Sometimes an idea just comes to me with such force that I have to try it out. I had been wondering whether to enter the Royal Show and thought perhaps not, since time has been especially tight and I didn’t have any really great ideas. Then an idea came to me. Could I spin string from leaves on the wheel? And spin shells onto it? I had to try it out (no shells to hand this moment, which is a small hitch)…
These iris plants came originally from the trading table at my Guild. I recognised them immediately because there are some just like these growing in a street near ours that I walk along often. I believe they may be Algerian Iris, (Iris unguicularis), drought tolerant iris from ‘Algeria and Tunisia but also … Greece, Crete, Rhodes, Turkey, Syria and Lebanon.’ This would explain why they are doing well here, though those that were not watered over summer all died. Before I planted them, I trimmed off the leaves and saved them. Almost a feed sack full of them. How can you know when such a thing might come in handy? Ahem.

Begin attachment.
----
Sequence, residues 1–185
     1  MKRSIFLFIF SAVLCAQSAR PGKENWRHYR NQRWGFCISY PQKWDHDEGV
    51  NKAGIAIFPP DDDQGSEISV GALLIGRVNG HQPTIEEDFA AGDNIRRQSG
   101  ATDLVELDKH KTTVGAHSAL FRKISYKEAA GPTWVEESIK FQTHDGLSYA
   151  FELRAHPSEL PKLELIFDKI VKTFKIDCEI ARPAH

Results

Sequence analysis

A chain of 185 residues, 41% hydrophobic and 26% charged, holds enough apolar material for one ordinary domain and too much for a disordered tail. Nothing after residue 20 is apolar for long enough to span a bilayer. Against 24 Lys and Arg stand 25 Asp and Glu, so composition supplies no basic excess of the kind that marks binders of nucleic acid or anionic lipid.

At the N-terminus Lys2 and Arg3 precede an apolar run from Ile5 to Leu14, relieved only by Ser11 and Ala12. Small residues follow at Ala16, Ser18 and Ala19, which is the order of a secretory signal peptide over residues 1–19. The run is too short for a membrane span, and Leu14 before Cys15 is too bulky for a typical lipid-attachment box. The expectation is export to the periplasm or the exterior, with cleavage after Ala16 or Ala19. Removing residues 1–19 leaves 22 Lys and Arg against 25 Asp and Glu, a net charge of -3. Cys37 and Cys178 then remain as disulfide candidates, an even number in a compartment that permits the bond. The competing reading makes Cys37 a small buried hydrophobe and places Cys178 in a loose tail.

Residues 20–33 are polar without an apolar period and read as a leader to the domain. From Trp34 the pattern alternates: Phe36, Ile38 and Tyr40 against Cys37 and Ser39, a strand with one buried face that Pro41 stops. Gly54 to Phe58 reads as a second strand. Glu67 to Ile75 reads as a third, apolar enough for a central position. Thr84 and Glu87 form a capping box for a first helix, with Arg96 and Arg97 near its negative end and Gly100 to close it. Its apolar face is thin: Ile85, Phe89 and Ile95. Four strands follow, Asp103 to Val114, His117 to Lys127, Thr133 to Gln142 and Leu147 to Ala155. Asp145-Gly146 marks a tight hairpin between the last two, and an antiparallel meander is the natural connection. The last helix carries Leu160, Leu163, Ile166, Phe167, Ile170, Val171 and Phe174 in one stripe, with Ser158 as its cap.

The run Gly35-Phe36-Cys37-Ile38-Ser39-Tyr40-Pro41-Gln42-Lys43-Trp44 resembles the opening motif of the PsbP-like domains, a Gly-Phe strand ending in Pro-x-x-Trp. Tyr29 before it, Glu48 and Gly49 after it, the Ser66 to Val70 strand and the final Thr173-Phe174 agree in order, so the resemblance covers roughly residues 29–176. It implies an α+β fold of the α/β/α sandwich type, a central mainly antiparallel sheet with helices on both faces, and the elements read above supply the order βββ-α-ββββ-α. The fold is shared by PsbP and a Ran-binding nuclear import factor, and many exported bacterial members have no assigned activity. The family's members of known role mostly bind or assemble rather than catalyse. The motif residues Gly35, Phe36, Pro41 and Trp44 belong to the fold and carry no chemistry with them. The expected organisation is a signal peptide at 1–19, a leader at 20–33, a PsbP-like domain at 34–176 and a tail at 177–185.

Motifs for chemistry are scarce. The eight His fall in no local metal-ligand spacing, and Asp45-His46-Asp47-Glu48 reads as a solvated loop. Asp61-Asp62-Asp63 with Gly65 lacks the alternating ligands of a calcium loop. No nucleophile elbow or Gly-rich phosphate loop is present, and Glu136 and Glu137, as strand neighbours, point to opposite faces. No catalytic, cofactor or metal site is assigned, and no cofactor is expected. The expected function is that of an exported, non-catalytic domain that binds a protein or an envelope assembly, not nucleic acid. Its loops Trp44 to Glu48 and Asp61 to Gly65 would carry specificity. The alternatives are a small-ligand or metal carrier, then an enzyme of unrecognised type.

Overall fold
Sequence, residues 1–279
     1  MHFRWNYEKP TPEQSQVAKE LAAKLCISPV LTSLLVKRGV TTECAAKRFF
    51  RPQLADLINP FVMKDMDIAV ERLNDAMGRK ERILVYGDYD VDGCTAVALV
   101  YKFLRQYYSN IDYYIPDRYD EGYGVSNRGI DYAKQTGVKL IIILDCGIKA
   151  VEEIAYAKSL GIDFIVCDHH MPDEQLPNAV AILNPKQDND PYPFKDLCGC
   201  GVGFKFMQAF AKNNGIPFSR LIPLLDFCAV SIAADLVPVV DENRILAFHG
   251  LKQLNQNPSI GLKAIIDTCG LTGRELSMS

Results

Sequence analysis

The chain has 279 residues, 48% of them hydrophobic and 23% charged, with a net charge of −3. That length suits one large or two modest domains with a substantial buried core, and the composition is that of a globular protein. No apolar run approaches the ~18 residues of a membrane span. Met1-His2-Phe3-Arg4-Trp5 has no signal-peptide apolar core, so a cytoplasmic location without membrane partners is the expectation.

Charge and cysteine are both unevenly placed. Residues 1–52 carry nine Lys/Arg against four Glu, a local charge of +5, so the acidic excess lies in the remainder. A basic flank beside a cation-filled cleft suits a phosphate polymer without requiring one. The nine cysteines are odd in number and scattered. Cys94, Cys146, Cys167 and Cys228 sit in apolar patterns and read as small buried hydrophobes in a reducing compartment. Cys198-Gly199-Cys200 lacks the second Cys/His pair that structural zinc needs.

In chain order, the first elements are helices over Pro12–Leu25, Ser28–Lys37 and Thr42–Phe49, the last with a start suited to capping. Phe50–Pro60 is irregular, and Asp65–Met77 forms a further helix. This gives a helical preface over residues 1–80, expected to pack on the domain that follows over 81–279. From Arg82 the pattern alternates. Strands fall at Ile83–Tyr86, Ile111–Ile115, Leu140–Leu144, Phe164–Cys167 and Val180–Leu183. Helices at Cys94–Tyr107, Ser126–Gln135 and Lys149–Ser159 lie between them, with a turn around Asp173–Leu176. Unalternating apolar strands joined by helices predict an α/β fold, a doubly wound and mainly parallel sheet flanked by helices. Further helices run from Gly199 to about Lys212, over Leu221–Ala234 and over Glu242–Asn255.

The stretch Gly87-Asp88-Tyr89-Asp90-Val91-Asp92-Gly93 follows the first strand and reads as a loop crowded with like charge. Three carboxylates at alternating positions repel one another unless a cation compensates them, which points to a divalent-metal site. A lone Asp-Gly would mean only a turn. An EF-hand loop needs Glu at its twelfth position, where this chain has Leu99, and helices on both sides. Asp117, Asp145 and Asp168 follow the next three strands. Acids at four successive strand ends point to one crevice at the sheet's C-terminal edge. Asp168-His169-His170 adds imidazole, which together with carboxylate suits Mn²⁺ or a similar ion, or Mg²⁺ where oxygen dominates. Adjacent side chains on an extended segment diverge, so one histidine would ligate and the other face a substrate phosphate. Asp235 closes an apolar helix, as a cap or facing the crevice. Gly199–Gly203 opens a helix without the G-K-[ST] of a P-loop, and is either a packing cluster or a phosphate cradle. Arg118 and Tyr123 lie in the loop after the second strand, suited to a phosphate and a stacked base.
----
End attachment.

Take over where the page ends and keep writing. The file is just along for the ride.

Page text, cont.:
I weighed and soaked them in water in preparation. Weighed, because a show entry has to be a certain weight–I made sure I had much more than required.
I hand twisted a sample just to check concept. So far so good. Much more plausible than daylily leaves, which I had decided against.
And then, on with the apron, leaves in a damp tea towel, leaves divided into narrow strips, and the challenge of working out how to join one strip to the next began. The short answer is: insert each new strip of leaf at almost 90 degrees to the forming single, make sure it has been twisted between at least two other strips, and then move on.
Before long, I had some extremely ugly, spiny looking string forming.
It took me several evenings to have two bobbins of this, and then to ply. Before plying I soaked my bobbins, singles and all, in water to make them pliable. When I transferred the ‘yarn’ onto the niddy noddy, it was soooo spiny. I took scissors to trimming off the ends. For an hour or two.
The finished yarn is decidedly less good than hand twined string, both in looks, texture, and strength, but I can’t imagine how long making this much string by hand would have taken. So… now I have done it, and I know I can do it. But I am not sure it was worth doing! I am still thinking over whether more practice would (or course) improve the outcome, or this was just one of those things you do once and then set aside permanently…